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Africa needs to produce its own Anti-retroviral drugs: Prof. Tlou
From: Ghana | Joy News TV | Matilda Nyarkoah Dennis          Published On: February 11, 2013, 11:42 GMT
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Former Botswana Minister of Health and current UNAIDS Regional Director for Eastern and Western Africa, Sheila Tlou says Africa must begin producing anti-retroviral drugs if it is to sustain HIV management and reduction.

Professor Sheila Tlou is a Botswanan specialist in HIV/AIDS and women's health and a nursing educator. She is noted for her role in radically eliminating the stigma of HIV/AIDS as Minister of Health between 2004 and 2008. In her current role as regional UNAIDS director, she supervises 21 countries. I first asked her how Botswana managed to deal with the stigma of being tagged an HIV endemic country and the impact on their productivity.

“Inside the country, it did not affect us much because it is a small country of less than two million people. However, we saw productivity going down. In Botswana we prefer to bury on Saturdays so at least we have four days of productivity. But outside the country there was that stigma in the sense that anytime you say I am from Botswana, people look at you differently”.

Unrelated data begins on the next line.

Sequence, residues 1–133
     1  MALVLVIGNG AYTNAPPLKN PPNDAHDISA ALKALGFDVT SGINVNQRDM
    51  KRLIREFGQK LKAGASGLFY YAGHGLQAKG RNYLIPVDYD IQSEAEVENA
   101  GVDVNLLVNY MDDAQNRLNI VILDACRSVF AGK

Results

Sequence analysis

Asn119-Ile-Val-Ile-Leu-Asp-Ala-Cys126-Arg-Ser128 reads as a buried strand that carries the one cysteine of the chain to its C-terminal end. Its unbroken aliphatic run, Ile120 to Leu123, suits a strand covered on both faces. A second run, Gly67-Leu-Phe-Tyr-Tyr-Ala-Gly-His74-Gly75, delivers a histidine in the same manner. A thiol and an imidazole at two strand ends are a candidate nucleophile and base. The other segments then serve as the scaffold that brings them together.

New statistics in both Botswana and Ghana show a decline in HIV prevalence rates with Ghana recording a 64 percent decrease. Professor Tlou however believes Ghana still has a long way to go.

“In Botswana new infections in the past ten years have dropped by 74%. In Ghana it has dropped by about 74% but we are talking about a huge population. In a huge population like Ghana or Nigeria, if you talk about 1%, you are talking millions”.

She explains how Ghana can learn from Botswana. “What worked best was political commitment from our president. The second was zero tolerance for corruption. Botswana is rated one of the least corrupt countries in Africa so we can take the resources and put them where it is needed. Donors know their monies can all be accounted for cent by cent.

She also shares how Africa can better fight the disease. “Africa is moving and we need sustainable aids responses and pharmaceutical policies to ensure our drugs are manufactured on the African continent. Presently, our drugs are manufactured in India; and Africa must rise above that because it is not sustainable.

She said she was excited to be part of a new transition where formidable women had been appointed by Ghana's new government to lead in various positions.

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